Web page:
Wannstedt era at Pitt off to rocky start

Dave Wannstedt's returning to coach at his alma mater was hailed as the perfect hire for Pitt. But an 0-3 start has dampened the excitement.

Originally Published: September 20, 2005
By Joe Starkey | Special to ESPN.com

PITTSBURGH -- A few hours before Pitt's season opener Sept. 3 against Notre Dame, a famous and forever-fired-up ex-Panther weighed in on whether new coach Dave Wannstedt was the right guy to take the program to the proverbial "next level."

The Panthers had been to five straight bowl games under Walt Harris but hadn't finished in anybody's top 15 since 1982. Despite leading Pitt to the Fiesta Bowl last season, the increasingly unpopular Harris was pushed out the door -- a door that was immediately festooned with a "Welcome Back" sign for Wannstedt, who captained Pitt's Fiesta Bowl team in 1973 and was a grad assistant with Johnny Majors' national championship team in 1976.

Dave Wannstedt
It's been a frustrating start to the Dave Wannstedt era at Pitt.
"I think it's a wise pick," Mike Ditka said. "Dave is a Pitt guy. Dave has a commitment to this university. The excitement created since Dave came probably hasn't happened in, what, 20 years?"

Neither has a start this awful.

The Panthers, who came into the season ranked 23rd, are 0-3 for the first time since 1984 and just the third time in 33 years. The 42-21 loss to Notre Dame in front of a national television audience was bad enough. Then came a humiliating 16-10 loss at MAC middleweight Ohio and a hard-to-watch, 7-6 defeat at Nebraska this past Saturday.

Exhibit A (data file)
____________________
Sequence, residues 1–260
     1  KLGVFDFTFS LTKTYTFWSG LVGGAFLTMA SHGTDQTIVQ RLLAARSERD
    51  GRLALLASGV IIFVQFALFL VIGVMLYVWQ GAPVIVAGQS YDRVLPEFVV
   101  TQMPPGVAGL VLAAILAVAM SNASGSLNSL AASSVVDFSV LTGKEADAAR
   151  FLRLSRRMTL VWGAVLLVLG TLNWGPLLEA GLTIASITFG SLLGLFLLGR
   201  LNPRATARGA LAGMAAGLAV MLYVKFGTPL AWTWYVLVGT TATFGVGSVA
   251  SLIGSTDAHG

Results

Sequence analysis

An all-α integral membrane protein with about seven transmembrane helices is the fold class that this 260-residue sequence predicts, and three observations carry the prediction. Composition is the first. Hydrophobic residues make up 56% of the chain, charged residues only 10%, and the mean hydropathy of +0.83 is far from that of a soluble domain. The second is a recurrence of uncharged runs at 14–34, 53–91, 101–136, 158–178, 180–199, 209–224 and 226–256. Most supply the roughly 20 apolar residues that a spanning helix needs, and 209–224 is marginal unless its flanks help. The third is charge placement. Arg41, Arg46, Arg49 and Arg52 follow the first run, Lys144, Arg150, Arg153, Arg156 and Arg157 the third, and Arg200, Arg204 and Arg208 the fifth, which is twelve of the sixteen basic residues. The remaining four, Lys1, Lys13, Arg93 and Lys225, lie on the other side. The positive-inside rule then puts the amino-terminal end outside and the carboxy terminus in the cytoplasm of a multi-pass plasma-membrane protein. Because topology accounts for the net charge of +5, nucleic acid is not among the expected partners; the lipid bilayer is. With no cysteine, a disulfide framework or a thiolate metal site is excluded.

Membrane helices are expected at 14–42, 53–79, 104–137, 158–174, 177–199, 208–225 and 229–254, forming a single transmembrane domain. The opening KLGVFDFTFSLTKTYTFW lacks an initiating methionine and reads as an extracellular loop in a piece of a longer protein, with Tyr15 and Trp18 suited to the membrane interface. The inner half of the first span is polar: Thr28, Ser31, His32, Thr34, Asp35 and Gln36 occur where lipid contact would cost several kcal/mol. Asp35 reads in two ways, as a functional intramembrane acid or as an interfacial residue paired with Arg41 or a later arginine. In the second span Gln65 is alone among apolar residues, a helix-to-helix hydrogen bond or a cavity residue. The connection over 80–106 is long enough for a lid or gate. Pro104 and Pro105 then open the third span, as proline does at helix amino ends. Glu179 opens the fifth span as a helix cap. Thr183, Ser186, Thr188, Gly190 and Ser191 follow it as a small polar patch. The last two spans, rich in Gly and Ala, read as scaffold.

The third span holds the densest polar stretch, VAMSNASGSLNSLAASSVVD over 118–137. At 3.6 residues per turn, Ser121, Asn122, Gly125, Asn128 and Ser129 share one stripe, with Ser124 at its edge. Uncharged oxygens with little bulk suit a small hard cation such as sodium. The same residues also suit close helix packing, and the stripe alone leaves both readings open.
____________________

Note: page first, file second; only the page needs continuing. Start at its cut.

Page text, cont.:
Which means that in a span of 15 days, Pitt's season went from "Return to Glory" to "Curb Your Enthusiasm."

OK, maybe to "Crush Your Enthusiasm."

But even if the year many had hoped for is ruined, Pitt can still salvage a respectable, Harris-like campaign. The Big East schedule hasn't begun, and the Panthers are looking at a highly favorable slate with a nonconference game Saturday against Division I-AA Youngstown State followed by Big East games at Rutgers and at home against Cincinnati, South Florida and Syracuse.

Not that Wannstedt is making any assumptions. He learned last year in Miami that assuming anything -- even that your star running back will show up for training camp instead of embarking on a quest for self -- is senseless.

He is preparing for Youngstown State as if it were USC.

"We can't look past anybody," he said. "We'd be foolish to think we could."

Asked if a victory Saturday would answer any questions about his team, given that it is facing a Division I-AA opponent, Wannstedt paused and said, "To be honest with you, we just need to win a game."

Wannstedt, 53, hasn't won a game of any sort in nearly a year. It was Oct. 24, 2004, when his Dolphins beat the St. Louis Rams, 31-14. After two more defeats dropped the Dolphins to 1-8, Wannstedt resigned with his NFL record stuck at 82-86 in 11 years in Chicago and Miami.

In coping with this year's struggles, Wannstedt has taken to quoting some of his favorite coaches, from Bill Parcells ("When you don't have success, there's a lot of exit doors") to Chuck Noll.